Destination: Africa!

Safari Offers Unexpected Discoveries

The elephant was less than 15 feet away, slowly and methodically strolling and grazing, when suddenly, she stopped, swinging her enormous head over to face me. She stared for a minute, let out a big whoosh, and then resumed eating. I must have looked nervous because our guide turned from the front seat of our open Jeep to say, “Hakuna Matata, Susan.”

No worries? Really? This enormous creature was so close I could feel her breath. Nothing separated me from her except a small patch of grass and the frame of a safari vehicle.

Although we spent months researching, what surprised us most about our 2023 African safari experience was how close we got to the animals. The binoculars we were advised to bring went unused. There was no need. Expert game drivers took us underneath trees of sleeping lions, beside families of elephants mud bathing, and into the middle of thousands of wildebeests and zebras on the migration move. Their only advice was to be still and watch.

Deciding to go to Africa was not easy. After many weeks of debate about everything from required vaccines to expenses by early January, it was crunch time. Safaris fill up fast and if forever boyfriend and adventure buddy Jim Miller didn’t start booking, the window would close, along with our desire to tackle the required preparation and 30-plus hour travel time.

The first and most important decision was choosing a safari company from among a dozen proposals. Elewana Collection was a fantastic choice, as we enjoyed a seamless adventure, from arriving in Arusha to ending in Zanzibar, along with comfortable accommodations.

Thankfully, after back-to-back long-haul flights, we arrived in Nairobi, Kenya, at night and went straight to our hotel to recover. Palacina Residence and Suites was a perfect respite in the middle of this huge city. Two days here offered us a chance to visit the American Embassy and Memorial Museum and Garden—the embassy was bombed on Aug. 7, 1998—along with seeing 360° views from the top of the city convention center and a stroll through the Nairobi National Museum.

The next day features a stop at Kobe Tough Beads and Leather, where Maasai women create ceramic jewelry, trinkets and leather works. The Daphne Sheldrick Elephant and Rhino Orphanage admits 200 visitors per day for one hour to watch their babies eat and frolic. What a delight. The core of its operation is the rescue and rehabilitation of orphaned elephants and rhinos to return them to their native habitat.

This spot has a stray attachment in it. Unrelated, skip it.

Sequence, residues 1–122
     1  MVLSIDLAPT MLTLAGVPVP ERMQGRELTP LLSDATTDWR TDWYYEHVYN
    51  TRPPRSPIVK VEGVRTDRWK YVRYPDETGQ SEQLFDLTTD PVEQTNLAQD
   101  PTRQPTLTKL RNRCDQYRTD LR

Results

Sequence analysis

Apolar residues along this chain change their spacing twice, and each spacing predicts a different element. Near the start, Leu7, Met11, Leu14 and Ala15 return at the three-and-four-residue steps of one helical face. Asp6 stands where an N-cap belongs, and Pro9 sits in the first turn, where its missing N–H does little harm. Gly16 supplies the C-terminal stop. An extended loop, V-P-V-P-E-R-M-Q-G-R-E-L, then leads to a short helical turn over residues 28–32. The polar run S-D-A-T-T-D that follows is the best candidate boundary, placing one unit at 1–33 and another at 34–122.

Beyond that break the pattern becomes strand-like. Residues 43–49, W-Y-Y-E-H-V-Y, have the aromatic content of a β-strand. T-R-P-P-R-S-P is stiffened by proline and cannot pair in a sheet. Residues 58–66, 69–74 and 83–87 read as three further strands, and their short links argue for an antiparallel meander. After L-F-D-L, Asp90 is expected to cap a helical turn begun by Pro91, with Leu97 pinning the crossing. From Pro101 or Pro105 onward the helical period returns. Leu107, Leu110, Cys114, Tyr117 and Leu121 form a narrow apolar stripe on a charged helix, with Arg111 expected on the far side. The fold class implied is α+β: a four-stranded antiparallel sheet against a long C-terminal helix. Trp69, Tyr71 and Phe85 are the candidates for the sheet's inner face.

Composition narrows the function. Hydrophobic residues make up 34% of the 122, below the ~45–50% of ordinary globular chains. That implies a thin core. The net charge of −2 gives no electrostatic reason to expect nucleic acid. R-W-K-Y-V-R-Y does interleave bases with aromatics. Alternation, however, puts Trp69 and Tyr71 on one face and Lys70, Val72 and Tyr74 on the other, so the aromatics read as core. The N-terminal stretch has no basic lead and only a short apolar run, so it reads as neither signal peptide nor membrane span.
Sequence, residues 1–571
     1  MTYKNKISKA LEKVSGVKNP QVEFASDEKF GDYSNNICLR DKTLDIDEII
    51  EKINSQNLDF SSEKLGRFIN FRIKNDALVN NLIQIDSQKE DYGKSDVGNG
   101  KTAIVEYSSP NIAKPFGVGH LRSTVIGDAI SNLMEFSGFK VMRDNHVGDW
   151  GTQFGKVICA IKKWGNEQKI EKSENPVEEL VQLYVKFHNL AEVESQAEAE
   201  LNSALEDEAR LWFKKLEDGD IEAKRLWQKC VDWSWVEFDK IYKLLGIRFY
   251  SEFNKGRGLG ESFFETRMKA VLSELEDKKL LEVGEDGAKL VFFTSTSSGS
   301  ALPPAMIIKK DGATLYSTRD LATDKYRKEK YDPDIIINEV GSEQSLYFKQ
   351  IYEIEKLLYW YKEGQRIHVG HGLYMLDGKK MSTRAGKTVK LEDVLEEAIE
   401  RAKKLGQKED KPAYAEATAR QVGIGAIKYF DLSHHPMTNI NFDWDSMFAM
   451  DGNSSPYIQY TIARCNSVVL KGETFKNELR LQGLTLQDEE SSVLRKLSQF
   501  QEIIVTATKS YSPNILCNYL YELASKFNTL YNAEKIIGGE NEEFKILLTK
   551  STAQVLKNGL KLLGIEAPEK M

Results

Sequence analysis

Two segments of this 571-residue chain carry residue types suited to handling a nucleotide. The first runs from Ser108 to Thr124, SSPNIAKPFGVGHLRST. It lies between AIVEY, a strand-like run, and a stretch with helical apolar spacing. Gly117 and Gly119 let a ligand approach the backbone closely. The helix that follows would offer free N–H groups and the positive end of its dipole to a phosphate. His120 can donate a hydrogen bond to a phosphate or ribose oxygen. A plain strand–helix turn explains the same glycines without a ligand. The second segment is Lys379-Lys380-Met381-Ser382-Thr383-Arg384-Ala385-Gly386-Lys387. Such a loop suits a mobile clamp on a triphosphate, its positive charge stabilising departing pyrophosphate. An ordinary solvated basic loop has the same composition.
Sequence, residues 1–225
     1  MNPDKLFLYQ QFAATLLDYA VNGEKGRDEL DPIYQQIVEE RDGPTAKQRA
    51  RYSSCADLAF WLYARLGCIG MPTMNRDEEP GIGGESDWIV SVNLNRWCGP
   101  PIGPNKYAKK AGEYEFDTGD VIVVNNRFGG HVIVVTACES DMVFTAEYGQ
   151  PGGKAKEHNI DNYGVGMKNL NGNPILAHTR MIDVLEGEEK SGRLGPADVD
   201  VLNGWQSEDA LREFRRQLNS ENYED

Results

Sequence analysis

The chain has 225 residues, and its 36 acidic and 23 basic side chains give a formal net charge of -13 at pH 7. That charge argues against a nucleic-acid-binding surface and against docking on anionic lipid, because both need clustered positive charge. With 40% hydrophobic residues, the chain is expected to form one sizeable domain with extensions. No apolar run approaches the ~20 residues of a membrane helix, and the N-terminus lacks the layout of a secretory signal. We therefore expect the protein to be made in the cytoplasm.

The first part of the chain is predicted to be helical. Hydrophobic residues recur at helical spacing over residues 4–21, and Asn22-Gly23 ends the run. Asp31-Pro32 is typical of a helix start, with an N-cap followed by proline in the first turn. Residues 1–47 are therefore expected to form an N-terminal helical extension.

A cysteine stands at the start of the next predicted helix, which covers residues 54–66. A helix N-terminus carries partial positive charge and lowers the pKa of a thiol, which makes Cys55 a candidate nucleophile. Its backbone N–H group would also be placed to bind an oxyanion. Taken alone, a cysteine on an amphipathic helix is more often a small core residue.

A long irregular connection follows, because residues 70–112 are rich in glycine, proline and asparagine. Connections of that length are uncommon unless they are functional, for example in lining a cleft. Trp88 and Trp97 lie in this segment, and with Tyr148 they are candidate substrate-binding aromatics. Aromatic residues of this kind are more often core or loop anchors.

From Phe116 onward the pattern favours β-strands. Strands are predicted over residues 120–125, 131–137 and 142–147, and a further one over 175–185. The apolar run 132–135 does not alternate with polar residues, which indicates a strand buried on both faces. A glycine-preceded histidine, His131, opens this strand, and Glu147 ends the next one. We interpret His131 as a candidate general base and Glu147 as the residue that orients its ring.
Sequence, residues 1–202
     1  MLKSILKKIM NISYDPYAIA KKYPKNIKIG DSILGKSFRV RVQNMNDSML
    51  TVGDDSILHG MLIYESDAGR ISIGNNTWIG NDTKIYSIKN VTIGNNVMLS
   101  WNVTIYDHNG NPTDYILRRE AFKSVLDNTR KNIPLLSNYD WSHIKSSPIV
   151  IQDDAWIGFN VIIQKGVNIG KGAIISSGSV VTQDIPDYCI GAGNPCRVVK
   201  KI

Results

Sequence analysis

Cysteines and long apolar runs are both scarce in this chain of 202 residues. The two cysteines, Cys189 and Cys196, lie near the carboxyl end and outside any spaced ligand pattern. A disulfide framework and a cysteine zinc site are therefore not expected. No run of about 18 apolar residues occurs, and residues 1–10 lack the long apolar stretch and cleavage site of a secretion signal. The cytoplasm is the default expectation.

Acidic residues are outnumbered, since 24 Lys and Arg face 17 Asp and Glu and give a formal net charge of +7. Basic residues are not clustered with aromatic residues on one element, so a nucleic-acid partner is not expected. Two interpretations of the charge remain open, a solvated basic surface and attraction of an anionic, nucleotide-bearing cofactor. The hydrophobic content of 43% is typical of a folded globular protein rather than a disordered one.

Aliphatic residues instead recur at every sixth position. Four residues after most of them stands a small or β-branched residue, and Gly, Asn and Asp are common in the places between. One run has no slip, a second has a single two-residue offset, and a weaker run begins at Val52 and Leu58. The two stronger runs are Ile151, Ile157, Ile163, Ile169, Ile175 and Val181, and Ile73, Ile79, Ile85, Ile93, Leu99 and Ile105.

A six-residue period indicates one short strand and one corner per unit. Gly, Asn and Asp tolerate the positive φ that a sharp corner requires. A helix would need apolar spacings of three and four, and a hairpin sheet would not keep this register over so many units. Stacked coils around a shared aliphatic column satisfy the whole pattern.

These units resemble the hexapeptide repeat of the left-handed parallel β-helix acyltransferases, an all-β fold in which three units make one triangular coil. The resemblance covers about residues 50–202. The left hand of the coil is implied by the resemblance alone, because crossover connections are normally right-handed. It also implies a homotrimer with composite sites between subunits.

From there, we drive to the Giraffe Center, dedicated to reintroducing the Rothschild species into the wild. Visitors can feed these gentle creatures and learn about their history and anatomy here. At the end of the day, we stop at the Karen Blixen Museum, at one time the centerpiece of a coffee farm owned by Blixen, whose pen name was Isak Dinesen, author of Out of Africa.

Early the next morning we fly to Arusha, Tanzania, in a plane the size of an SUV. The drive from the airport to our lodge features a miles-long and blocks-wide traffic jam of honking cars, buses and vans. After one night in a swanky cabin at the Arusha Coffee Lodge, we are off to a small airport:  a collection of metal buildings and dirt airstrips. Our 30-minute flight takes us to a landing field, where we are met by our guide, Mokili Olesokoi, with whom we spend the next three days touring Tarangire National Park.

Home to one of the largest elephant populations in Africa, our time here was magical. Our hotel was a treehouse built into a massive, ancient baobab tree. We enjoyed hours-long game drives with one at night, as well as an early-morning walking safari, a visit to a Maasai village, and an impressive sunset happy hour overlooking the savannah. Mokili teaches us so much about the environment, animals and their ecosystem, and the Maasai tribe, of which he is a member. 

As he drives us out through the park to transfer us to our next guide at Lake Manyara Airstrip, we pass traditional Maasai villages of dirt and straw huts, children tending to sheep and cattle, and women carrying water and baskets on their heads. Amazing.

Two days at Ngorongoro Crater with a stay at The Manor at Ngorongoro, a grand mansion situated on a gorgeous, hilly coffee plantation and we are off to the famed Serengeti. A truly remote wildlife wonderland, this rolling savannah is dotted with acacia trees and riverine woodlands. We are treated to the sight of millions of wildebeest migrating north as well as hippos that roam our camp at night after spending the day in the Grumet River which runs through it. Giraffes regularly stroll past the deck of our tent. Here we could watch lions and hyenas feast on freshly killed meat and sit in the middle of the migration while sipping coffee.

After three days of game drives, picnics and sundown celebrations, we bid farewell to the incredible animals, along with our guide-in-training Angela, and fly to Zanzibar. After days of flying and riding in open-air Jeeps on dirt roads, we are ready for some quiet time at Pongwe Beach. Two days here is plenty, and we head over to the old city of Stone Town for two days of sightseeing.

The most daunting part of the trip was the 34 hours of travel time required to get home. It was worth it! FBF Jim and I made many unexpected discoveries. Flying in light-weight planes is fun! We were scarily close to hundreds of animals! Our pilots, guides and camp caretakers were the best!

Africa is a huge continent composed of 54 countries, thousands of cultures and varied landscapes. From the pyramids of Giza to the slopes of Mt. Kilimanjaro, the savannahs of the Serengeti to the beaches of Zanzibar. Go. You won’t regret it.

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